One of the key facts about orangutans is that this forest-dweller is the only species of ape that is not found in Africa. The female of this particular species of ape spends most of her life in the forest canopy and rarely comes down to ground level. Orangutans are diurnal, meaning that they are active during the day and make a nest of leaves in the forest canopy at night, usually in the fork of a tree.
Some of the key facts about orangutan females are that they can weigh anywhere between 30 – 50kg’s and measure a height of 1.1 metres whereas the males weigh in at anywhere between 50 – 90kg’s and are taller than the females, usually no taller than 1.5 metres in height. The males are usually solitary and tend to prefer sleeping on the ground, with their head pillowed on their arm.
They choose a territory and will defend it against intruding males. The females also tend to be more solitary, but may congregate in loose-knit groups with their young.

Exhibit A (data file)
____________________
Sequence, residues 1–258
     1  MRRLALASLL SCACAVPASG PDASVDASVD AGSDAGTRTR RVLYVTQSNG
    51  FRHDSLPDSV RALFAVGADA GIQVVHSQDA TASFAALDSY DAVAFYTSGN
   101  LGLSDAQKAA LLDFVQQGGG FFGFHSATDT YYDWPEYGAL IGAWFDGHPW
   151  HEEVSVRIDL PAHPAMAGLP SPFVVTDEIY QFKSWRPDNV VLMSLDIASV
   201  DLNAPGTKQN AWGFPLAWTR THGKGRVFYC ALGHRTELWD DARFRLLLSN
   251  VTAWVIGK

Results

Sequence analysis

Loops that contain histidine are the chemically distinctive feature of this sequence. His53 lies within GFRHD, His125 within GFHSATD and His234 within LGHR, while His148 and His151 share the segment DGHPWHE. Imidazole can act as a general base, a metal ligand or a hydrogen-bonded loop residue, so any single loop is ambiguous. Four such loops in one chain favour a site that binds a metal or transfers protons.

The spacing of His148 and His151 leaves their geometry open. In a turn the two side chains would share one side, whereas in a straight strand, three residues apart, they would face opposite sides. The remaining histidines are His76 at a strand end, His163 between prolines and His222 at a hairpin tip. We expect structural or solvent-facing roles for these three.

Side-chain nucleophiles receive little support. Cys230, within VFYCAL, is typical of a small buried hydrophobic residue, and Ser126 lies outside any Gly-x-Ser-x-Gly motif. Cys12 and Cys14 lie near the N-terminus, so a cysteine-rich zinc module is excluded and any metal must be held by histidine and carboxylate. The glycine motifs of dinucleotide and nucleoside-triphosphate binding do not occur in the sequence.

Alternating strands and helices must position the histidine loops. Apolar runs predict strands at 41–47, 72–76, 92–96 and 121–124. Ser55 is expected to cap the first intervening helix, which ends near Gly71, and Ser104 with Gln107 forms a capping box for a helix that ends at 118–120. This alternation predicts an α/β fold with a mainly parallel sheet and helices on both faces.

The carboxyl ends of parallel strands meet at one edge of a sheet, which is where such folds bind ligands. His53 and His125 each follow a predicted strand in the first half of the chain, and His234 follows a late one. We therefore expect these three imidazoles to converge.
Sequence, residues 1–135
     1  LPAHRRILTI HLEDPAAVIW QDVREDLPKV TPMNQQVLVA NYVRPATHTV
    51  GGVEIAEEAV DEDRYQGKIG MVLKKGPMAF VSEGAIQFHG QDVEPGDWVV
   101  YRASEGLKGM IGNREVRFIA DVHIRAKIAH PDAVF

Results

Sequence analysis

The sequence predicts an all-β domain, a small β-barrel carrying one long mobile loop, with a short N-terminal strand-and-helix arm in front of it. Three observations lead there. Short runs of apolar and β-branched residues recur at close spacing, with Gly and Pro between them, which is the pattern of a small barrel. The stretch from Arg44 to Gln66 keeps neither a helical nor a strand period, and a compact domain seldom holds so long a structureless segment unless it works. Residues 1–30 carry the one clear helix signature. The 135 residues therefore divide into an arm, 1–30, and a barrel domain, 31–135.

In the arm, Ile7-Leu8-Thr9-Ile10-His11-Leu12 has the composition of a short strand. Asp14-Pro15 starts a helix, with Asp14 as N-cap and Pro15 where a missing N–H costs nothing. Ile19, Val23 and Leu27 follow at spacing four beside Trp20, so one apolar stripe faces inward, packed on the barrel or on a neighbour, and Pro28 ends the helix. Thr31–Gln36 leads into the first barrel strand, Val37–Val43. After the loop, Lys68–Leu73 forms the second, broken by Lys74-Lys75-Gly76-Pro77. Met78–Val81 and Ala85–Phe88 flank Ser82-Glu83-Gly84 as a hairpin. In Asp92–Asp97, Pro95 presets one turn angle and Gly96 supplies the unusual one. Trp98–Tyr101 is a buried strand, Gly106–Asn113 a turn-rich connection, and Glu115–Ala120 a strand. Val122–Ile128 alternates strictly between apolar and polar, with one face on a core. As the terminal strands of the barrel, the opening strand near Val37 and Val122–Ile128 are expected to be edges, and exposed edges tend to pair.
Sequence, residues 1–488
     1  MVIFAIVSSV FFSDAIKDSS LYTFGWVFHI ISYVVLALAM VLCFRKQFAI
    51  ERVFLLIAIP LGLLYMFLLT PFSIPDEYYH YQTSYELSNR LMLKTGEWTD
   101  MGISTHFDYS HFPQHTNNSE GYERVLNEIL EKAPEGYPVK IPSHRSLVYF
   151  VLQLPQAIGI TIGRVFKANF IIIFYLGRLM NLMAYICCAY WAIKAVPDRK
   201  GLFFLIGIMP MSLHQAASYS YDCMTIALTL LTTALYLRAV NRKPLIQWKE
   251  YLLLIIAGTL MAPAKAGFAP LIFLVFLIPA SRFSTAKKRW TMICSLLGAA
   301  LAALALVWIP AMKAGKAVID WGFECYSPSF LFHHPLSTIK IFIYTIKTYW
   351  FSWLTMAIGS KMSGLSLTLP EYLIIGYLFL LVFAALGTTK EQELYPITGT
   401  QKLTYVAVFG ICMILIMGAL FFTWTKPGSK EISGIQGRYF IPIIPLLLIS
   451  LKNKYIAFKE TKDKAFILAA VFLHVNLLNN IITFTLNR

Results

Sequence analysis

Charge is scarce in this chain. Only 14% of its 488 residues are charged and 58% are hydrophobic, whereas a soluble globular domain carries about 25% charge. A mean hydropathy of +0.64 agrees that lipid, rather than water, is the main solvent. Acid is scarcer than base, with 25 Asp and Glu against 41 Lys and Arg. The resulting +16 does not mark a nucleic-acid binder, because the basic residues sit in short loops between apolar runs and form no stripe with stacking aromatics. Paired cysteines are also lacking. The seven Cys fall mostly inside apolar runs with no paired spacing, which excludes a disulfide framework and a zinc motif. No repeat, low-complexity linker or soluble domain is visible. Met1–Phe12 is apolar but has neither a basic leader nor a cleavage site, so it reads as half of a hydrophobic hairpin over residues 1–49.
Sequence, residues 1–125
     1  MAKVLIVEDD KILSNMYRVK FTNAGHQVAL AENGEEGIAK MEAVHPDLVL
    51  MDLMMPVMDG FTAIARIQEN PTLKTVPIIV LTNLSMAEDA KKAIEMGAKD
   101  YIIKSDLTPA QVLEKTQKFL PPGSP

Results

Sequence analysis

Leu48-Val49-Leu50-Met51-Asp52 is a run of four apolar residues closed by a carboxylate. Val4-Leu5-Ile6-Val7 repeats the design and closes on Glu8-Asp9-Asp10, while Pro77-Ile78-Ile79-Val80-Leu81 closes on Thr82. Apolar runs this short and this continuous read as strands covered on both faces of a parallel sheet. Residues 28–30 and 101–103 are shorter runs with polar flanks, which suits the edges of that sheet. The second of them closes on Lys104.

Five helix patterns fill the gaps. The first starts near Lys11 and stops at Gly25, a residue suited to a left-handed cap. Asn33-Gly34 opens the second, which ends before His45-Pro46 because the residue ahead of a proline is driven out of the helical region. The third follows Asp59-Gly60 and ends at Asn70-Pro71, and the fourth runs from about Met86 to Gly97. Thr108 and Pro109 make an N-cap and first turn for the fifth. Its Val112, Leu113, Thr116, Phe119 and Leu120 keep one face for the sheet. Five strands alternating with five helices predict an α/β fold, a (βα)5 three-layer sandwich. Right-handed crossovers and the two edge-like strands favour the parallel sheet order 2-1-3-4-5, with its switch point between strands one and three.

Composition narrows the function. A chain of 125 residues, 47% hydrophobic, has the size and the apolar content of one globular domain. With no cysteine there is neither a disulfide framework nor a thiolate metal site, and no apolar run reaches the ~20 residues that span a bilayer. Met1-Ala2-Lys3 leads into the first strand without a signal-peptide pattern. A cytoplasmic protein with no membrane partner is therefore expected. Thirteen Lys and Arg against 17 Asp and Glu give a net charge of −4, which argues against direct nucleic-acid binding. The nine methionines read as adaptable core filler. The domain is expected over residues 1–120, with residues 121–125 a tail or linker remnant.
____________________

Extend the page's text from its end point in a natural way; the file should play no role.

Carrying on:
Orangutan males reach sexual maturity at about 12 years of age. It may take up to 20 years of age for the males to develop the full facial disks created by their fibrous cheek flanges and the accompanying throat pouches.
The females of this ape species usually reach puberty at 10 years of age but may take up to 15 years to reach sexual maturity. The females give live birth to a single infant, though they may occasionally carry twins. The gestation period is roughly 265 days and the female will not breed again until the infant has reached roughly 8 years of age.
One of the key facts about orangutans is that a female will produce offspring no more than four times in her lifetime. The youngster is generally weaned at 3 years of age and the female will carry him on her back for the first four years when travelling. They become self-sufficient at 6 or 7 years of age.